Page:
Over a summer, two travelers drink their way through the wines of Mediterranean Europe The valley of Kozlović winery with the Momjan fortress above. The last stop on our whirlwind tour of Istrian wines was Kozlović. The location that the family has settled in is spectacular one, near the village of Momjan. While the village is typical of the type you see in Istria, it has a nice standout feature which is the ruins of a fortress up on a hill. Like something out of medieval fairy tale, this stony skeleton floats about the small valley where the family built their current cellar in 1904 on a hill, overlooking some of their vines. Gianfranco Kozlović opens a bottle. Even when you strip away the setting and just focus on the wines, you see that this is a family that knows what it is doing when it comes to the grape. Their Malvazija can be gotten here and is getting to be recognized as a quite stellar make of this Istrian varietal. But there at the helm of everything is Gianfranco Kozlović. He is a character who loves his wines and loves the process of making wines. His various philosophies and … Continue reading The Philosophy of Kozlović Part 1
Over a summer, two travelers drink their way through the wines of Mediterranean Europe Andy Šipetić pours up a taste. Our first encounter with the wines of Demian and the wine maker himself, Andy Šipetić was in Novi Sad, Serbia of all places. It was somewhat logical as we were there for a visit with friends and he was there for the wine festival that they’ve been holding for the last fourth years. While that visit gave us an initial taste of his wines, a lunch with the wines expertly paired to the dishes, and music played by Andy (who used to tour as a guitarist for the Gypsy Kings before making wine full time) we didn’t get a chance to see his winery. For that, we’d have to go to Istria and so naturally, once we got to Istria we made our way down there. The elegant Barrique The Demian winery has been producing in one way or another for about the last 80 years. From 1928 to the 1990’s, they produced bulk wine for Italian producers. For the last 14 years, they started making their own wines and the last seven has seen their brand and production grow … Continue reading Two Tastes of Demian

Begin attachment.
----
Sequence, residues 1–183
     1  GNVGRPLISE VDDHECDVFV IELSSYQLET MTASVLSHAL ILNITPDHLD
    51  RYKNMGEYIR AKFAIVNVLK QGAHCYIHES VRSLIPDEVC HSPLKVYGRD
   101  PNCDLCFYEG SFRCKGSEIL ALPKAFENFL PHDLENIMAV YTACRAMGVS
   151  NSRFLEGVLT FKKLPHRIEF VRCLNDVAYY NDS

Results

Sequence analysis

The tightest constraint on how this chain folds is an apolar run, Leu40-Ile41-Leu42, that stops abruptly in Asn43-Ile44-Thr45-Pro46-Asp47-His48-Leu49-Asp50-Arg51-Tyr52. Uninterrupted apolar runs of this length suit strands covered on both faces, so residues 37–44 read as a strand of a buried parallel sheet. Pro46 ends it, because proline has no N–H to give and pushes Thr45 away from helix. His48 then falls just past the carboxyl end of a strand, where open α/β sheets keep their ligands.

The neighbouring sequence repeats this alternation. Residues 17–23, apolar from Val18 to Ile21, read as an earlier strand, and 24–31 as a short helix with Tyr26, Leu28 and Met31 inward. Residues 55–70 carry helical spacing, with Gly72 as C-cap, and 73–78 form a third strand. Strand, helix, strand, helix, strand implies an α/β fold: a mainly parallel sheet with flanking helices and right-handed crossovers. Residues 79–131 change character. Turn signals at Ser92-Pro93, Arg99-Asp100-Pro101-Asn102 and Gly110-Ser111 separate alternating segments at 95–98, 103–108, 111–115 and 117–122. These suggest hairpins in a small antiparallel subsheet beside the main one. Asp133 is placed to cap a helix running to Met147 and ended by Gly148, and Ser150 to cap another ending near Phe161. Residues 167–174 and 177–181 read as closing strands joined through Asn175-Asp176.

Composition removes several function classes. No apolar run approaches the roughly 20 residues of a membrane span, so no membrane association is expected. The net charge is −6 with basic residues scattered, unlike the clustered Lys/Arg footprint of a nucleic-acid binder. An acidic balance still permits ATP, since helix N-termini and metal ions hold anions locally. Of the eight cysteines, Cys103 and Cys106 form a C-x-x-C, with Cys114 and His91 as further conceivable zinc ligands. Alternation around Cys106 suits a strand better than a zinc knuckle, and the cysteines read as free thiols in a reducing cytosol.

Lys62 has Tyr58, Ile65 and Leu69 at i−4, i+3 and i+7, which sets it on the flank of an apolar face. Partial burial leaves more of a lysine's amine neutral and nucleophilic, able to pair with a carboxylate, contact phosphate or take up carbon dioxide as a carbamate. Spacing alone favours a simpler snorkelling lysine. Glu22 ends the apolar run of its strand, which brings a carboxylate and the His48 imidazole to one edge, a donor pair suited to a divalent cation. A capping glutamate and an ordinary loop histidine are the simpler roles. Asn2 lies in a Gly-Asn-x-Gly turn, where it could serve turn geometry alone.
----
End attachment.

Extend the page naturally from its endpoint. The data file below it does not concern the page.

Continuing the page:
Over a summer, two travelers drink their way through the wines of Mediterranean Europe Veralda’s vineyards with Buje in the background. Fresh off our hibernation from the beach while in Slovenia, we headed back out to the coast of Croatia. This time, we focused on the region of Istria, that little triangle of a peninsula off the far west of Croatia. After the rather arduous task of finding a place to stay without a reservation in high season, we set about exploring some of the wines of the area, especially those along the Istrian Wine Route. Our first stop was Veralda. Luciano Visintin and vino We met with the owner, Luciano Visintin. His family has made oil and wine for somewhere around 1,000 years–give or take a few. In 1997 they started they took the family craft and made it a proper business, producing some 300,000 to 400,000 liters of wine a year, once again, give or take a few. They produce this large quantity of wine from 26 hectares of land and they also buy from a few vineyards who neighbor their vines. Out of all this, the bulk of what they produce is Malvazija. Additionally, they produce Muškat, … Continue reading In to Istria with Veralda